The independent newspaper of the University of Iowa community since 1868

The Daily Iowan

The independent newspaper of the University of Iowa community since 1868

The Daily Iowan

The independent newspaper of the University of Iowa community since 1868

The Daily Iowan

Elliot: Hard rains in the wind

Lung Hui Chen pushes Manuel Terrazas in a wheelbarrow across flooded streets as local residents clear out damaged homes in the aftermath of Hurricane Harvey, in the Millwood subdivision of Fort Bend County, Texas, on Saturday, Sept. 2, 2017. (Marcus Yam/Los Angeles Times/TNS)

Picture this: Our Great Leader, standing on the edge of a disaster, praises those gathered for being a great crowd. Kind of like a rookie comedian at his first open mic.

But no, you don’t have to picture that. It happened. When Our Great Leader first visited Texas in the wake of Hurricane Harvey, that’s what he did. A fire station in Corpus Christi (which he managed not to mistake for Gov. [for now] Chris Christie of New
Jersey, who used to be a best-
buddy-lackey type). A disaster command center in Austin, full of guys named I’m the schlep who has to clean up all this mess. No Houston. No victims/survivors. No flooded homes. No flooded streets and highways and pretty much everywhere. No.

But plenty of tweets. It wouldn’t be a lovely day in paradise without tweets.

Exclamation point and
everything. F. Scott Fitzgerald was right; only lousy writers need exclamation points.

Which would be all fine and good, relatively (even with the
misspelling of “firsthand”), except that the Trumpster didn’t
witness any of the “horror &
destruction” firsthand. And, as leaders do, he had some reporters accompanying him who saw what he saw:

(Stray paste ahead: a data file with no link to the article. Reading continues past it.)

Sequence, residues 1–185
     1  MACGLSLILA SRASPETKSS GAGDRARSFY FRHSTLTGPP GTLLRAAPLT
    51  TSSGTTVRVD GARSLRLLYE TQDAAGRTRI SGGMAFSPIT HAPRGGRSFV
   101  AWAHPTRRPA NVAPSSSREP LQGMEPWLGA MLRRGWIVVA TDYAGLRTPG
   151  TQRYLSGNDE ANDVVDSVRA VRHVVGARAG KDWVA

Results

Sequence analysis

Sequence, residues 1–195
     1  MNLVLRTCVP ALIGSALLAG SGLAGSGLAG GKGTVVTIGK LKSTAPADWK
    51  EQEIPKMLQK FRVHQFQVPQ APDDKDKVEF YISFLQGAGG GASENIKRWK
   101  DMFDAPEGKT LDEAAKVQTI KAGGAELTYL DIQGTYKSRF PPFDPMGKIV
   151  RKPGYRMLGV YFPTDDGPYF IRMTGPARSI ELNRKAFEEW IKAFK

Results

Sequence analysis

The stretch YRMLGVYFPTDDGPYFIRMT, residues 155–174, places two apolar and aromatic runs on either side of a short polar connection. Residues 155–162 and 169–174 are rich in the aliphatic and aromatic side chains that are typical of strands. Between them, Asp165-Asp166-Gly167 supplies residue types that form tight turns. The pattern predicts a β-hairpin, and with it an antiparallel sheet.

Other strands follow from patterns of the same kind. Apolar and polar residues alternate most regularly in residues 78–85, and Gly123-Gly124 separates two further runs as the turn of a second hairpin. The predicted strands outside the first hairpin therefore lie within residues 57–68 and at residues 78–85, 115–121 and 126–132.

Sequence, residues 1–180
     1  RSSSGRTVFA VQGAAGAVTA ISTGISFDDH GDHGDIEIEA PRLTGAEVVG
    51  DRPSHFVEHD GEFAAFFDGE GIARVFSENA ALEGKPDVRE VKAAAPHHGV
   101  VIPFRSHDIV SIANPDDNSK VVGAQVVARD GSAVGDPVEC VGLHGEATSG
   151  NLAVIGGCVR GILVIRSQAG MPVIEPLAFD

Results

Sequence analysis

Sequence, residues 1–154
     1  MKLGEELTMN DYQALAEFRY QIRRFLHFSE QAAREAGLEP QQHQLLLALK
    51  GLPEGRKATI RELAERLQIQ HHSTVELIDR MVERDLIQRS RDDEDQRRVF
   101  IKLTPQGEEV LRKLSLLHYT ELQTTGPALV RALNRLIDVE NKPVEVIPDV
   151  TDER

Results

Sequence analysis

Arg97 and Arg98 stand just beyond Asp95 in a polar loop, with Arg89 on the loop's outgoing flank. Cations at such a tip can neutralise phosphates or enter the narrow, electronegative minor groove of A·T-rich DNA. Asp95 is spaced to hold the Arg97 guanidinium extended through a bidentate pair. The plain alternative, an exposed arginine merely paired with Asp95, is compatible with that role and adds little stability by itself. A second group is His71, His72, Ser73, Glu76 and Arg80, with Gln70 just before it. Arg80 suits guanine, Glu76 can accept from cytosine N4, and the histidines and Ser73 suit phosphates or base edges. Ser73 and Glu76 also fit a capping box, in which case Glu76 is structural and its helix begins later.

“I traveled with the President yesterday. Personally, I would not claim to have seen Harvey’s horror and devastation first hand.” — Andrew Beatty (@AndrewBeatty) Aug. 30, 2017

“Our reporting does not match claim that @POTUS witnessed any horror or devastation first hand.” #harvey @dallasnews — Todd J. Gillman (@toddgillman) Aug. 30, 2017

(Yeah, I know; nobody seems to be able to spell “firsthand” anymore. Perhaps because hardly anybody experiences life “firsthand” anymore.)

And then this from Politico: “It was a
presidential trip to a deluged state where the president didn’t meet a single storm victim, see an inch of rain, or get near a flooded street.”

Ah, yes. Meanwhile, the way disasters seem to go. Many conservative Republicans refused to vote for emergency funds for New Jersey and New York after Hurricane Sandy hit. Some of the GOPers came from Texas, including Sen. Ted Cruz, who defended his nay vote by contending that much of the Hurricane Sandy relief money was “pork.”

Actually, the alleged “pork” was funding for storm-mitigation efforts. And yeah, mitigation money isn’t nearly so splashy and sexy as immediate relief funding after a disaster, but that money might “mitigate” some of the effects of future disasters. And, of course, it’s
impossible to see the effects of mitigation efforts,
because the future hasn’t
happened yet. As far as we know.

Speaking of the future, which apparently is dangerous these days, FiveThirtyEight reports that Dong Energy — no junior-high jokes, please; it’s Danish Oil and Natural Gas — will, despite its name, eschew the oil and natural-gas biz in favor of renewable energy. So it’s selling its oil and gas fields.

Since 2011, FiveThirtyEight says, Dong has spent approximately $10 billion on wind farms and $4 billion to convert its power plants to biomass.

Thus, while the rest of the world moves toward a 21st-century energy economy, Trumpster Land stubbornly sticks with moving back to a 1950s world. (Sounds like
Version -4.8.) Drill, baby, drill.

It will be hilarious in 50 or 60 years, when the U.S. has all this excess oil capacity and most of the rest of the world has kicked its oil addiction. Oil? the rest of the world will say and sniff. Maybe you can sell it to Saudi
Arabia. 2
0 cents a barrel. (Much
, in various languages.)

Has anyone else noticed this? Not that I believe in ironic karma or anything, but the low-pressure systems that become, with the right conditions, hurricanes are spawned off the west coast of near-equatorial Africa. Then they trundle our way. Those are the very lands where Americans went to round up Africans, make them slaves, and trundle them our way.

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